In this increasingly technological age, it is great to see bands that are a real hark back to better, more analog times where the warmth of performances were not smothered in a digital sheen that removes that very human aspect.
Swiss rockers Heavy Feather know this all too well and as a result this, their second album after debut ‘Debris & Rubble’, continues their aim to bring real music to the masses in a way that speaks to the heart and soul of the creation, rather than just sonic fireworks.
Heavy Feather – Mountain of Sugar (The Sign Records)
Release Date: 9 April 2021
Words: Paul Monkhouse
Certainly, this album is not short of excitement, packed as it is with a breathless determination to entertain, but there is also a real soul that connects in a way that demands a more back to basics approach. Given that the band draw their influences from the blues-soaked Rock ‘N’ Roll giants of the late 60’s and 70’s there is bound to be a certain tight but loose vibe, but they have really leaned into this with an admirable aplomb.
Opener ’30 Days’ immediately sets the blueprint for all that is to come, its riff-heavy mix of Hard Rock with a touch of 60’s psychedelia is highlighted by the Janice Joplin meets Grace Slick meets Ann Wilson vocal stylings of frontwoman Lisa Lystram.
As achingly cool and beautiful as their homeland, the band paint in broad colours that contain nice little touches that conversely speak of a unit both ahead of their time with regards to maturity, whilst very much rooted in the past. Studded with real gems, ‘Mountain of Sugar’ impresses throughout, from the huge verve of ‘Love Will Come Easy’ to the juddering and bombastic title track there is gold here.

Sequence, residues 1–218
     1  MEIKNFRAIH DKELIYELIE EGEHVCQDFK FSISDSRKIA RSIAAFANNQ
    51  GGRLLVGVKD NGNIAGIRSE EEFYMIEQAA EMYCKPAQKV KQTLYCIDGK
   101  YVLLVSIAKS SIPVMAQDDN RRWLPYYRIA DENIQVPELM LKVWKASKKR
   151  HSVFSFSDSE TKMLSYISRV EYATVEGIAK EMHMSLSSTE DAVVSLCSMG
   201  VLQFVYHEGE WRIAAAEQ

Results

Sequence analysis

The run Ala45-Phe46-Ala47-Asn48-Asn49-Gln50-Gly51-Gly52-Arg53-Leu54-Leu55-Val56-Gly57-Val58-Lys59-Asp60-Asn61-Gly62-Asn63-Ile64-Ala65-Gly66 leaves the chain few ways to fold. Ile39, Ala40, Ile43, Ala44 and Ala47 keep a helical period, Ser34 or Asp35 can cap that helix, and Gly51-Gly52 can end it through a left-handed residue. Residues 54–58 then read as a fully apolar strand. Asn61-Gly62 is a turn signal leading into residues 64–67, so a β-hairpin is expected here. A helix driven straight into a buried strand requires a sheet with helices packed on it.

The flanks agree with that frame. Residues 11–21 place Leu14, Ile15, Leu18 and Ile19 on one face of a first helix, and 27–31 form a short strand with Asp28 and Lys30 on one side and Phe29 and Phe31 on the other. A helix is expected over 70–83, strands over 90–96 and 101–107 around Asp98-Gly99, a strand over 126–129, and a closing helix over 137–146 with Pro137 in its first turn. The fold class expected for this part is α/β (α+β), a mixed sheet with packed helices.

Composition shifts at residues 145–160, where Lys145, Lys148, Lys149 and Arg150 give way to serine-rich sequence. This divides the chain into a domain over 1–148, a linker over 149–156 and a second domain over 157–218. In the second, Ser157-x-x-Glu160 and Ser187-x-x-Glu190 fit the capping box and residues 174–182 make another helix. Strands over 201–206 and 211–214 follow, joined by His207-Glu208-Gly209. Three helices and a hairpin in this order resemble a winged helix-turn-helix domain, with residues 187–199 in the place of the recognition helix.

The musicianship and vocals are performed to a staggering level, the quartet tackling the rolling blues of ‘Too Many Times’ with an ease that belies the real craft herein and ‘Let It Shine’ is a pastoral treat, its deliciously woozy and hazy sunshine vibe bringing a warmth to your face and the smell of wildflowers to your senses.
It is not all chilled though, as the loping and soulful ‘Come As We Can Go’ has a real stridency and ‘Rubble’ is down-right dirty Rock ‘N’ Roll.
By the time that ‘Asking In Need’ closes the album in suitably epic style, all the battles have been fought and won by the four piece, their place in the ranks of vital new acts assured.
Despite the decidedly retro feel of the material, Heavy Feather are very much of the ‘now’ and look to be a force to be reckoned with for a long time.
True soul never goes out of fashion.